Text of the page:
THE BEGINNING: When we started to design this game, we had a fairly simple robots-in-a-maze-fight-each-other (PvP) idea, so the very first attempts at designing the characters were much less peacful than the little guy Clark eventually turned out to be.
INSPIRATION: Pretty quickly we figured out that our first dip into the waters of game design shouldn’t be yet another shooter, but rather a puzzle game. We came up with a clumsy robotic lead character, fond of boxes. Believe us or not, we didn’t think of WALL·E. Not yet. First, we searched for photos of old construction site machinery. A little bit of forklift from the 60s here, some steam-punky pistons there, and the first designs of Clark’s upper half already started to look promising.
GAMEPLAY CONSTRAINTS: The lower part, which is connected by a vertical pivot to allow turning of the upper body independently from the base, was much trickier. To simplify CLARK’s controls and keep the gameplay straightforward, it was extremely important for us to stick to our original grid-based framework. For our avatar this had one huge implication: To give the player the necessary degree of mobility, he had to be able to move straight or sideways without an intermediate turning-motion, aswell as turning in a crane-like fashion while holding an object. These constraints left little room for any wheel-based designs. Hovercraft solutions were also quickly tossed into the bin. Therefore we reinvestigated the old symmetrical four-legged base design still left over from the machine gun robot. Now with the legs he had all the maneuverability needed, but the insectoid look seemed slightly problematic, especially because there wasn’t really anything loveable to Clark, yet.
GETTING HIM CUTER: At that time, his head alone sent arachnophobics screaming and hiding behind pizza boxes in our office (I’m exaggerating, we rarely ate pizza. Also, back then “the office” was just my living room.) So we realized we not only had to make the legs more robotic, but also to do some serious redesign of the upper half of Clark.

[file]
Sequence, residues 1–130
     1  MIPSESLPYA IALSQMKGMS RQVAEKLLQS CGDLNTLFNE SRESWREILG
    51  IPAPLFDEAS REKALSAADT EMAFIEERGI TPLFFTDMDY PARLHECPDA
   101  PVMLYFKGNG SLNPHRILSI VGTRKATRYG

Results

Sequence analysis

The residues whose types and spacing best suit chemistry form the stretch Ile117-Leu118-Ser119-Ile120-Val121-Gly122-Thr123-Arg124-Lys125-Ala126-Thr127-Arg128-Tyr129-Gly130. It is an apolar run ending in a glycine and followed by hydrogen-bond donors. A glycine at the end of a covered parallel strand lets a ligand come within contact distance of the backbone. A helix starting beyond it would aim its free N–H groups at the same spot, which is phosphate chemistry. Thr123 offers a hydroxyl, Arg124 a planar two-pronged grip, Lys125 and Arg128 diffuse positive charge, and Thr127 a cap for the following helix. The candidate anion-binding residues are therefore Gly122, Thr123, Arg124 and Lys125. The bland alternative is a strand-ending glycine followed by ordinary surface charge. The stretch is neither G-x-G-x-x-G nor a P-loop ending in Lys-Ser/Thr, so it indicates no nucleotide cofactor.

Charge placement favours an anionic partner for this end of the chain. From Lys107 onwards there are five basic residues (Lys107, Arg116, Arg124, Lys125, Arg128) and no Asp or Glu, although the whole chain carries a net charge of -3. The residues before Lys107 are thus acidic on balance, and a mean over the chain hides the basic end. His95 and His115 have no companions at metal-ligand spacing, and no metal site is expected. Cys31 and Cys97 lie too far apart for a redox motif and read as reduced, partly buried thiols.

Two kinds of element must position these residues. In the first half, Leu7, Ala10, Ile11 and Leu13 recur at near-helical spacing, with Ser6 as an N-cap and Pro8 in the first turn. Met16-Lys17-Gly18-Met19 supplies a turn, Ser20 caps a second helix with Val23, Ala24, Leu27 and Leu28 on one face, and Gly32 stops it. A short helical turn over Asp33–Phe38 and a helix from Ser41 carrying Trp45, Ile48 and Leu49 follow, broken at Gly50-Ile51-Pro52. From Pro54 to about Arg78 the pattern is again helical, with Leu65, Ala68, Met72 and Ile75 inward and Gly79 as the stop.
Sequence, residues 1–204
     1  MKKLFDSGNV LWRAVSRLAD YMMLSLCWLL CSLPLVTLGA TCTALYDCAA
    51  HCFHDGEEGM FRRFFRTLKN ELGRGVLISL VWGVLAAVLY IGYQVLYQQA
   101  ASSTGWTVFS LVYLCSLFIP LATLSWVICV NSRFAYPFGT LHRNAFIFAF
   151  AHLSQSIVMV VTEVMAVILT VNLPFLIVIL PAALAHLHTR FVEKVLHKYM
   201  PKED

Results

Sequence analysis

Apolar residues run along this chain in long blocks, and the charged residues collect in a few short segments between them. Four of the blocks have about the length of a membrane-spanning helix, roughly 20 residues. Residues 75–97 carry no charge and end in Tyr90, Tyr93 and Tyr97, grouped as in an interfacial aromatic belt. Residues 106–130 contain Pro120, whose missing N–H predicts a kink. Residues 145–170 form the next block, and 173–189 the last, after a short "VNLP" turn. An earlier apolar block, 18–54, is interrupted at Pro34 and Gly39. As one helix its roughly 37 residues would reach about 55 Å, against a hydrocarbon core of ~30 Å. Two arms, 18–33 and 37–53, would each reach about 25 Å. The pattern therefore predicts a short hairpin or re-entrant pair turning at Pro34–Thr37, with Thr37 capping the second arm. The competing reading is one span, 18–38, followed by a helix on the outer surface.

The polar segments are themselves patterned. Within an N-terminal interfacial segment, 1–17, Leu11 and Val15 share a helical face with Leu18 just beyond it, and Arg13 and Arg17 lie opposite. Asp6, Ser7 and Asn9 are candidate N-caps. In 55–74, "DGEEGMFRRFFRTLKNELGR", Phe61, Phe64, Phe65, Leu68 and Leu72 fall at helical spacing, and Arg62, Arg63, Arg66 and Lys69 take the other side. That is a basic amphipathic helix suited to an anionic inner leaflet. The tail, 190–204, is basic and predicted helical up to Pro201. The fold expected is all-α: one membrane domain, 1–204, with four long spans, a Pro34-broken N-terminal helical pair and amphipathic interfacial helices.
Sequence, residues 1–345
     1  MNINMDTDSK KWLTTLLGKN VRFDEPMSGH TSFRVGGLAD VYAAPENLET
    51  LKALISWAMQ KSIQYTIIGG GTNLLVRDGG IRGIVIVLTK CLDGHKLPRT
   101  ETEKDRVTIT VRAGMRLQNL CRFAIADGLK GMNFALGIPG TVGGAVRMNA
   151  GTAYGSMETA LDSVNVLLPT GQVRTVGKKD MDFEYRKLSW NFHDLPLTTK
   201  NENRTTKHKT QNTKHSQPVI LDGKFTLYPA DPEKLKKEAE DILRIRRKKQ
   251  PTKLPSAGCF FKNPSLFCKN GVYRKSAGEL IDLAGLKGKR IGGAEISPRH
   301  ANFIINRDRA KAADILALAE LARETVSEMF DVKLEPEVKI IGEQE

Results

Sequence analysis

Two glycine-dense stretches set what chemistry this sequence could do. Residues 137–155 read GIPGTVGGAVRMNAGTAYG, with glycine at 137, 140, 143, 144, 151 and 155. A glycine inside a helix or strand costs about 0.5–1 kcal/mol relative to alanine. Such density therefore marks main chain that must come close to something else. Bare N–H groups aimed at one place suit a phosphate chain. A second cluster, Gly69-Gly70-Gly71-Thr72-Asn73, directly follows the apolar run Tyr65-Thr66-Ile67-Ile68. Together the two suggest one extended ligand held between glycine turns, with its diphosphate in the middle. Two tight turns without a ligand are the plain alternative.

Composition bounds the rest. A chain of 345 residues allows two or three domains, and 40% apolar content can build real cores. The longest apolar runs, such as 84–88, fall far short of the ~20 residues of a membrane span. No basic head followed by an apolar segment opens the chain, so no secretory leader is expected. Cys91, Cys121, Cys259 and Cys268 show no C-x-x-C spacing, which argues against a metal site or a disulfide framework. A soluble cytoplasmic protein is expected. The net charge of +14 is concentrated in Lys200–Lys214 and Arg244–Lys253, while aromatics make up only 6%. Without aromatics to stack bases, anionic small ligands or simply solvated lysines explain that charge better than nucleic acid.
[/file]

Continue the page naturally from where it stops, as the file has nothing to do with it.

He should be cute and catch the player’s heart, without needing a lot of moving features such as eyebrows, lids or lips. I turned the whole orientation of his neck around and slapped on some oversized, slightly sad-looking eyes. The head was given a triangular shape to fit into the scheme of childlike characteristics. Finally I added a bolt for an abstract mouth. The huge “eyes” not only gave the character an emotional believeability, but also served to explain the tractor beam Clark is emitting when lifting objects. As a general rule, we wanted to have all faces on our game characters to have mechanical, robotic features, abstractly resembling human characteristics, without merely rebuilding eyelashes mouths ect.
MODELING, TEXTURING AND RIGGING: The next step was to build a low-poly model which was quite a challenge for I had until then worked only on highres architectural visualizations which had serveral hours time to calculate. Getting my renderings to finish in 1/60 of a second for realtime on a mobile device was a whole new task for me.
After I managed building it (the final version has a little more than 400 vertices) I layed out the UVs on a 512×512 map and gave it it way too many details that all got lost in the later filtering of the texture (argh!). Rigging the character was again something I didn’t have the faintest clue about. Intimidating at first, it turned out to be less scary than expected and with the help of a few mechanical rigging tutorials, I found my way through the process rather quickly. Eventhough Cinema 4D is never used for any feature film character animation, it does have a lot of useful rigging and animation tools which came in pretty handy and made it easy jump right into it. After the first walkcycle attempts, I took the time to produce a first little clip featuring Clark and a red ball. Man, I felt like Pixar.
IMPORT: Since Unity obviously doesn’t support Cinema’s constraint system, let alone any custom script (hell, yeah: I wrote one!) it couldn’t just directly open the .c4d-file which would have been like the most convenient thing in the world. Instead, I had to bake every frame of the animated Clark character, which at first didn’t work at all. Fortunately I found a good and cheap plugin (Nitrobake) to take care of the issue, so in the end the huge baked file was being imported into Unity and we saw Clark walk in-game for the first time.
If you have any questions about the process, feel free to ask. C&C is always welcome.